Attitudes will give managers a conclusion on what direction to take upon taking a job. It includes their feelings toward certain people and things. Job satisfaction and organizational commitment are two important types of attitudes. Job satisfaction is when a job brings different feelings on how it is being or been done. Those with a high level of job satisfaction believe that their job is fascinating and that they are considered equals. Organizational commitment is how the managers totally feel about their workplace. They will go over the limit in order to achieve the goal of their company. A manager that believes strongly in the goal of the company will have no problem with inspiring others to do the same (McGraw-Hill, 2006).

Mood is the state of mind that someone is in at that time. Managers are just like everyone else when it comes to having good and bad mood swings. Depending upon the situation they can be excited one minute and stressed the next. Moods and emotions definitely takes an effect on managers because if they are in a bad mood then the employees are in for a bad day. On the other hand, if they are in a good mood then it is going to be a good day. Moods may not linger as long as emotions. Emotions are created by a certain things or situations (McGraw-Hill, 2006). Moods and emotions are just like being on an emotional rollercoaster; up and down. Managers should notice that their feelings reflects on how their employees respond.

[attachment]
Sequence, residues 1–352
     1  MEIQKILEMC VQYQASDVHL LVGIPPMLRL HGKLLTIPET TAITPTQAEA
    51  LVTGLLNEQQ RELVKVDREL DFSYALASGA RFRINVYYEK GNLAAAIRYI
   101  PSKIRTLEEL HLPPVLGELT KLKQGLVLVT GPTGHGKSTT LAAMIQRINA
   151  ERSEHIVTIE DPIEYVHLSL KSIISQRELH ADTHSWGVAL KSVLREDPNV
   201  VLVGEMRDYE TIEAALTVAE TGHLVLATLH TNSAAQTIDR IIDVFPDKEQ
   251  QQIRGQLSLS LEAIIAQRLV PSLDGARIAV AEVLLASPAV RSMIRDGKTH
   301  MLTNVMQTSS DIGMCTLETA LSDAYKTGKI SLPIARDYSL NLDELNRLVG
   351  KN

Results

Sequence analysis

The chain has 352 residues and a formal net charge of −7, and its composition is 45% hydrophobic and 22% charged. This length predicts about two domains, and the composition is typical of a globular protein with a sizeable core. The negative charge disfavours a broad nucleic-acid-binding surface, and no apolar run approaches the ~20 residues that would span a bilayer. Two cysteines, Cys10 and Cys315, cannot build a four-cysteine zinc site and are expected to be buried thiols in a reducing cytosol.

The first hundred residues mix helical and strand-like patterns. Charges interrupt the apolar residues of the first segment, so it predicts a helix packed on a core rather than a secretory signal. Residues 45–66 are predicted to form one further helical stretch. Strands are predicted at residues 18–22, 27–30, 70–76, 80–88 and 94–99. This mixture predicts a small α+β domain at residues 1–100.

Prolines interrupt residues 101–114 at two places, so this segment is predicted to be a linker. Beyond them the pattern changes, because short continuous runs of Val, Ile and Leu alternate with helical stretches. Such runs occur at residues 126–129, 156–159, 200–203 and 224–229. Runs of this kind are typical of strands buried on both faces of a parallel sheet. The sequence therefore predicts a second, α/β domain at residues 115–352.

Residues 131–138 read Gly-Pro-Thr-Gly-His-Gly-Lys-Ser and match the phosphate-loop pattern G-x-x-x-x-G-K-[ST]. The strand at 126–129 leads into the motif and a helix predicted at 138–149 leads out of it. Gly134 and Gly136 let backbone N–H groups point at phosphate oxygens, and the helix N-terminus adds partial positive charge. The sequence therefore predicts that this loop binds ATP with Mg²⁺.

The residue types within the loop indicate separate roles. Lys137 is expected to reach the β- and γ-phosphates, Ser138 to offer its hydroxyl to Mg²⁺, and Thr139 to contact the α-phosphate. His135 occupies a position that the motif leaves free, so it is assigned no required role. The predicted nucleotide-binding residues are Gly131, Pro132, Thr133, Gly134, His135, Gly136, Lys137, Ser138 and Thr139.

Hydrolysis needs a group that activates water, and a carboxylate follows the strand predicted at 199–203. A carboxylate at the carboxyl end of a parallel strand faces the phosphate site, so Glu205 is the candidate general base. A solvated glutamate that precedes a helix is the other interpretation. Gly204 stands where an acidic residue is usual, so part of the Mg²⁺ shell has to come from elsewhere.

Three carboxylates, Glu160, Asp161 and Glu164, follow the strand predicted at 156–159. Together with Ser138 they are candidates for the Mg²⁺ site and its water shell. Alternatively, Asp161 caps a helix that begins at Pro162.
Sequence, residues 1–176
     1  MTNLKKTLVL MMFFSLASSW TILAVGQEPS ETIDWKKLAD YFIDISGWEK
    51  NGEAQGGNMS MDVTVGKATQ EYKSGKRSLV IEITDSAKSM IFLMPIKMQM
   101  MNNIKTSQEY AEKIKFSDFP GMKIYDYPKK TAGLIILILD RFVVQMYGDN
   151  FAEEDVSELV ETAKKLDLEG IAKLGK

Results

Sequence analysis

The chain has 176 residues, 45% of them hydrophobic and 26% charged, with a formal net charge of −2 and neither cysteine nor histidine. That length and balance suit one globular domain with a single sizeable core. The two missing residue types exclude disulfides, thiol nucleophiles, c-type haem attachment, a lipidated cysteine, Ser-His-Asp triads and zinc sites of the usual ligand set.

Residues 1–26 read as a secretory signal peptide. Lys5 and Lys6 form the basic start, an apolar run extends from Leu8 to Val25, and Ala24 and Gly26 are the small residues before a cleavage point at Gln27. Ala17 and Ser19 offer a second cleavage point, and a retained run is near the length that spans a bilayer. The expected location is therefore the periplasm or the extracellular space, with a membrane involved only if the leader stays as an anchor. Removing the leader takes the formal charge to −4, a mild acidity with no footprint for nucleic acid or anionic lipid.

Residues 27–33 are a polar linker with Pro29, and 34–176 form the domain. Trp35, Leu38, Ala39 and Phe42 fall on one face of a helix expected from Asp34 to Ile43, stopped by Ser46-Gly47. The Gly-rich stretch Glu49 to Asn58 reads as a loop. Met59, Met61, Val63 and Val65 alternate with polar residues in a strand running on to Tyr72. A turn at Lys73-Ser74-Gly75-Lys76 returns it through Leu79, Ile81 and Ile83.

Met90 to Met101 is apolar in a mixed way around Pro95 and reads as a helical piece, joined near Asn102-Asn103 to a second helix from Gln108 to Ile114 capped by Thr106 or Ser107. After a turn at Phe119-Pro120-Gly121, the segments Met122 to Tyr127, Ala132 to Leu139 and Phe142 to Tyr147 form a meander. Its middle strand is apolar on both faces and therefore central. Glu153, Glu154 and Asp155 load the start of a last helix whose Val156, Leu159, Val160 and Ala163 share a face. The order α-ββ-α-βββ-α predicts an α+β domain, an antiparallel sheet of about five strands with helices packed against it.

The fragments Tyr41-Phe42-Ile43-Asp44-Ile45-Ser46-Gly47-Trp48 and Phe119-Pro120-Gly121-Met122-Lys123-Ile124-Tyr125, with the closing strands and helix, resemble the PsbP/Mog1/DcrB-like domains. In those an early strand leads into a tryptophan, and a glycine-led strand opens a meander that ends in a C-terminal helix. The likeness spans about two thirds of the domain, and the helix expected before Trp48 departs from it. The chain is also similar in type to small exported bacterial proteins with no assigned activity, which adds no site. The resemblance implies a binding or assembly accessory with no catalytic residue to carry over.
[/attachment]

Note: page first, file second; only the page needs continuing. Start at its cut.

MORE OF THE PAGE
Regardless of the job career someone chooses, you must have the right skills in order to make your success easy. Having knowledge of the traits that help managers become successful will enhance the chance in being more productive. Managers should know how to motivate and help employees to lead the company to success. A company want managers that can bring different talents that will lead to great success. A primary quality of being a manager is to have the satisfaction mainly in helping people to accomplish their goals. A good manager traits should consist of having the willingness and effort to encourage employees, the do it now type of attitude, and the ability to create a strong team that is committed to do whatever it takes to make the company a success.

References

DeFruyt, F., Feys, M. & Wille, B., (2013). Big five traits and intrinsic success in the new
career era: a 15-year longitudinal study on employability and work-family
conflict. Applied Psychology: An International Review, 62(1), 124-156.
doi:10.1111/j.1464-0597.2012.00516.x
Fayard, J. V., Roberts, B. W., Robins, R. W., & Watson, D. (2012). Uncovering the Affective
Core of Conscientiousness: The Role of Self-Conscious Emotions. Journal of
Personality, 80(1), 1-32. doi:10.1111/j.1467-6494.2011.00720.x Fleeson, W., Lowman, J. C., & McNiel, J. (2010). The effect of state extraversion on four types
of affect. European Journal of Personality, 24(1), 18-35. doi:10.1002/per.738 Gulati, A. & Handa, M. (2014). Employee Engagement. Journal of Management Research
(09725814), 14(1), 57-67.
Issues in Management. (2006). Boston, MA: The McGraw-Hill Companies.